An Interview with Karleen Koen
Karleen is the author of four novels, including the New York Times bestseller Through A Glass Darkly and her most recent Before Versailles, which was included among the best historical fiction of 2011 by The Library Journal and RT Book Reviews. She is also an experienced and award-winning magazine writer and editor. You can visit her website and blog to learn more.
Bring your rough draft problems to Karleen’s half-day workshop, “In the Rough: Tips to Help You Finish Your First Draft,” where she will navigate the drafting process in what will be a sneak peek to her upcoming week long class at the Writers’ League of Texas’s Summer Writing Retreat. Visit the class page and read Karleen’s Q&A below to learn more!
What is it about the rough draft that’s so difficult?
Karleen Koen: It’s a longer process than a short story/poem/magazine piece. So you stay longer in not knowing. To know the story, you have to write it, messily, badly, imperfectly. Later you may perfect it, but to stay in the uncertainty a long time is trying for most. Including me.
For you, what’s the most challenging part of the writing process? The most rewarding?
KK: The most challenging is the rough drafts, the only place I can begin to know characters and what they’re doing. My first rough draft is always so amazingly bad that it’s hard for me to see what I’ve accomplished, which is usually a plotting piece, what happens when or what should happen but isn’t there yet. Characters emerge (shakily, not fully formed) in the first draft, too.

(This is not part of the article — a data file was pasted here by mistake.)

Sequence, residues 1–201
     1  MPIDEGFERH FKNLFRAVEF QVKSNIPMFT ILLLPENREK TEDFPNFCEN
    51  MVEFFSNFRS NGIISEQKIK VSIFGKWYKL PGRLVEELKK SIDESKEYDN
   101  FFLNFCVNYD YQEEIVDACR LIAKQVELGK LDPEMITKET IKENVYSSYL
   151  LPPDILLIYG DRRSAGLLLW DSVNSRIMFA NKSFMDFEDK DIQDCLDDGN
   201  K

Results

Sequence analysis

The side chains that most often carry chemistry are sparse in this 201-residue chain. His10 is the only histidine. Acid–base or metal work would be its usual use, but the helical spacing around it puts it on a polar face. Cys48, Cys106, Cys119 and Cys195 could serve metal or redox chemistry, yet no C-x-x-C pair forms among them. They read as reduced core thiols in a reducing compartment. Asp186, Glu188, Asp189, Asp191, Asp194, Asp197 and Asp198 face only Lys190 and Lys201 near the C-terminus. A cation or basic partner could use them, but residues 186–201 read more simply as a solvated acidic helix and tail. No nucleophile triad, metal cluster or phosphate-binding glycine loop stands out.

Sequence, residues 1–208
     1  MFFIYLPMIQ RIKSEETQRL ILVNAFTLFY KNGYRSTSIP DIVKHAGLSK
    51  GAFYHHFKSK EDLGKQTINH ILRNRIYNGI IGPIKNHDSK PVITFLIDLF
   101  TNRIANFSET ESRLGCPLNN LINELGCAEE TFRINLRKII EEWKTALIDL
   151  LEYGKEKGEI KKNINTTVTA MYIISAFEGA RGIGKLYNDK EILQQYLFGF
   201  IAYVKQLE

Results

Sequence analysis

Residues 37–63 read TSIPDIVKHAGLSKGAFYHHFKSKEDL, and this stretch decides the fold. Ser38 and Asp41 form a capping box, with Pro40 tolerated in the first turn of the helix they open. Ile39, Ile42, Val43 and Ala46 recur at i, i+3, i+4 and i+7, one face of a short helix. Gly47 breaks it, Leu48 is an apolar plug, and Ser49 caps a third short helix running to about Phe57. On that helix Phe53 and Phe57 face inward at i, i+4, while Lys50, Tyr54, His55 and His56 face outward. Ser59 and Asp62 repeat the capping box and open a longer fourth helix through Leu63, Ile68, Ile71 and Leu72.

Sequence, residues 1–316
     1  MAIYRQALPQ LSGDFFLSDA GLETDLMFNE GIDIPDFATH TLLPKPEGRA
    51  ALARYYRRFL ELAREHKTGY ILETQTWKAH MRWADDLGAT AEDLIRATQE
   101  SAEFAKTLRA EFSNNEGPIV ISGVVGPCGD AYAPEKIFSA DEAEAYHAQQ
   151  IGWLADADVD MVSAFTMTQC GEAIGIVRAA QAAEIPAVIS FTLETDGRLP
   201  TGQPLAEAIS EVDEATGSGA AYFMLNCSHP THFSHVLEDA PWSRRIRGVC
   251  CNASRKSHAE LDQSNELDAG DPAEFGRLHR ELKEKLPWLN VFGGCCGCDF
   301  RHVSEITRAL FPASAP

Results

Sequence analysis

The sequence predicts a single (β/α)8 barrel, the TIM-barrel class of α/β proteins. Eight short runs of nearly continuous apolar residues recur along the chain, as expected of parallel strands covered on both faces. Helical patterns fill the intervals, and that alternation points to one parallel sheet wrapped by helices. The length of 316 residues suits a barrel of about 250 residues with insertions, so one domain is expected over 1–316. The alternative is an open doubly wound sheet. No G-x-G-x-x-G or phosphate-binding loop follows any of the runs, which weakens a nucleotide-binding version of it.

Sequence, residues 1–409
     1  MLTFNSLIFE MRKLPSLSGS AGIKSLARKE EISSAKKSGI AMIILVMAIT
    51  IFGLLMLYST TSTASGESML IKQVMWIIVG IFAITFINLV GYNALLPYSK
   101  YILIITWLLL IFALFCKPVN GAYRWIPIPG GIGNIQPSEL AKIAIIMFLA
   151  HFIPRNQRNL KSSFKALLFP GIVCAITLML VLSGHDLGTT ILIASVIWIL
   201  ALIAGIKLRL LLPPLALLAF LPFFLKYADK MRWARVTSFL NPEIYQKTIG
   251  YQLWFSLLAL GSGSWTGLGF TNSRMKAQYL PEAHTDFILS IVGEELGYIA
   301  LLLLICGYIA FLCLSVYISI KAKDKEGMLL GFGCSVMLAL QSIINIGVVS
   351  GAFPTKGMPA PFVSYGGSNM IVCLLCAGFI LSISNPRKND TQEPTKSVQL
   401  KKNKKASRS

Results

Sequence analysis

I love editing, when I have enough rough draft to shape, enough rough draft under me like a rock to hold me up as I really craft the story.
When is a novel “finished”?
KK: I’m tired of it and cannot do another thing to it. This is after several drafts and polishes. Just can’t. Put a fork in me, I’m done. But I also have a really good sense of story, the pace of it, the waves of it. So I know when I’ve got that wave up to the climax of the story and then the falling back to end.
As a sneak peek into your upcoming class, what’s one invaluable tip for those working through a rough draft?
KK: Realize what a draft is and what you’re searching for in one.
Are you currently “in the rough”?
KK: You better believe it, although I’m on a second draft. Bad enough to discourage me, but solid enough to give me wing space to fly into the story at times and “to know.” That’s when I know I have the story, a certain “knowing” of the characters. They no longer feel like cartoon strangers with balloon dialog above their mouths. They are real in some place in me that writes. I know the story will happen–not when it will happen to be finished–just that it will happen and be a story when I have the feeling of knowing the characters, which I am relieved to say has happened in this fifth book.